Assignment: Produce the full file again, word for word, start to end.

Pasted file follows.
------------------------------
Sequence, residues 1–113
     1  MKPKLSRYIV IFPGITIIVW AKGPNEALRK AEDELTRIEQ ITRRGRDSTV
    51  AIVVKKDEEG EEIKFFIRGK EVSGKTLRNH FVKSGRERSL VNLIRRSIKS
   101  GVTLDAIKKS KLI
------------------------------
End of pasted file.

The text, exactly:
Sequence, residues 1–113
     1  MKPKLSRYIV IFPGITIIVW AKGPNEALRK AEDELTRIEQ ITRRGRDSTV
    51  AIVVKKDEEG EEIKFFIRGK EVSGKTLRNH FVKSGRERSL VNLIRRSIKS
   101  GVTLDAIKKS KLI